We all have a need to be visible in the stories we tell. We as an industry need to be better at including all voices -- not least because we are an industry, not a group of friends who get together over red wine and shirtless Hiddleston pics. An industry means money, and money means that when we shut out women of color, we do so in a way that actively privileges our lives and livelihoods over theirs. It is disingenuous to pretend that this is only about what types of stories we like to read: you cannot rail against ebook piracy and then claim it's a total coincidence you only choose to read white authors.

You don't have to apologize for your privilege, if you have it -- but you can't use it as a weapon against those who don't. You can't hide behind it, either, and claim you're only being civil or professional.

Either you're in this business for everyone, or you're only out for yourself.

 

Die Hard, Jupiter Jones, Cinderella, and Character Agency

When I'm talking narrative and I want someone's eyes to light up, I just tell them this: Die Hard is one of my favorite Cinderella stories. I cannot take credit for making the connection myself. It was at a conference. An editor from a well-known publishing house was defining an elevator pitch for the benefit of a new writer. "It's like: Cinderella meets Die Hard," he said. The audience laughed, and the editor with them. "I know," he continued. "What would that even look like?"

Reader, I was shaking. Instantly abuzz. If I hadn't been conspicuously seated in the second row at this panel, I'd have run straight out of the room and started writing.

OF COURSE Die Hard is Cinderella. A mysterious stranger crashes a party he wasn't officially invited to. His feet are covered in glass. Later he is pursued by people who are desperate to uncover his real identity. He ends up reunited with the person he went to the party to see. Holly is the prince. Al is the fairy godmother. Argyle's limo is the pumpkin carriage. And Hans Gruber, naturally, is the wicked stepmother.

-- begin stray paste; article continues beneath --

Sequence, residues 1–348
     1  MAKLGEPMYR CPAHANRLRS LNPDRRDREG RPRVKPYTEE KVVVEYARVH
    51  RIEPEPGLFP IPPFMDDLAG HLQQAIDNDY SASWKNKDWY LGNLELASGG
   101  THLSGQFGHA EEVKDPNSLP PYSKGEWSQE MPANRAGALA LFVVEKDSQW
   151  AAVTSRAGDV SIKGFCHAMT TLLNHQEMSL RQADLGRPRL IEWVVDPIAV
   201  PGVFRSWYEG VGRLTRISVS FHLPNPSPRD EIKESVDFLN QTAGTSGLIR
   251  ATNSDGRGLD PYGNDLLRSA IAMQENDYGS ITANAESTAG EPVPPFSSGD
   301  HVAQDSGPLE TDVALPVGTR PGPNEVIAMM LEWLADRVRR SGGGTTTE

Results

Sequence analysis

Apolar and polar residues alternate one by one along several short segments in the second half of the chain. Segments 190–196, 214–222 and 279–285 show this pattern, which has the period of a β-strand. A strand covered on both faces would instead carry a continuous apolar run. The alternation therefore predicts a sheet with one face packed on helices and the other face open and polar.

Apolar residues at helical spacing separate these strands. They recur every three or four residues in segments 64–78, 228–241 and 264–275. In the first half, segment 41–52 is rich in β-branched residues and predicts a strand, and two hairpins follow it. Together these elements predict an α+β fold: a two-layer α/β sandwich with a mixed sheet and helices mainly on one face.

John McClane sits by the sink and picks glass shards out of his bloody, injured feet.

I've been thinking a lot about this in context of a recent NPR story by the ever-revelatory Linda Holmes -- this paragraph in particular:

[Cinderella is] partly a fantasy about simplifying the relationships between social standing and coupling — one that makes the most sense in a world in which class differences are an accepted barrier to a good man choosing to marry a woman. If the prince is a man who believes from the outset that love conquers all, the story doesn't really make any sense. It would be hard to set Cinderella on a properly functioning egalitarian collective.

The gender-flip in Die Hard turns the prince into a princess -- but the class chasm stays the same. Bonnie Bedelia's Holly is a corporate ladder-climber, an executive at a Japanese company that occupies an entire LA skyscraper. Her job is far more high-status than that of her scruffy blue-collar cop husband. But where the original Cinderella is about elevating the low-born heroine to the prince's aristocratic level, Die Hard's perfect, meticulously constructed plot inexorably undermines the foundation of Holly's higher status.

Imagine Cinderella blowing up the palace.

Yes, technically Hans Gruber is the villain -- but our hero John McClane does at least as much blowing up of things as his nemesis does. One by one, the connections between Holly and her career are severed: her boss is killed, her douchey co-worker is shot, the company is burgled, the building is destroyed, and finally even her new Rolex must be sacrificed to ensure Hans Gruber's downfall. (See what I did there? Oh, Hans, please forgive me that joke, I love you -- you were raised to be charming, not sincere.) She is given no choice but to take John back almost out of self-defense.

It's not just me saying this, either -- witness this really  detailed PopMatters essay about the political/social/cinematic context of the film:

The obvious professional success of Holly at Nakatomi, which led her to forsake her husband in New York, is presented in Die Hard as a metaphor for the threat of feminism to the family institution and to the established patriarchal social order.

There's a lot in there about westerns and WWII and Vietnam and categories of masculinity; it's pretty dense and I recommend reading the whole thing.

Getting back to the fairy tale, everyone's always framing Cinderella stories in terms of agency. Here is Linda Holmes on the Prince in Disney's earlier Cinderella film:

If you were putting on a stage play based on that cartoon and you were short of actors, my very first suggestion would be that you obtain a large bag of flour and a toupee, allowing you to dispense with casting anyone at all as the prince.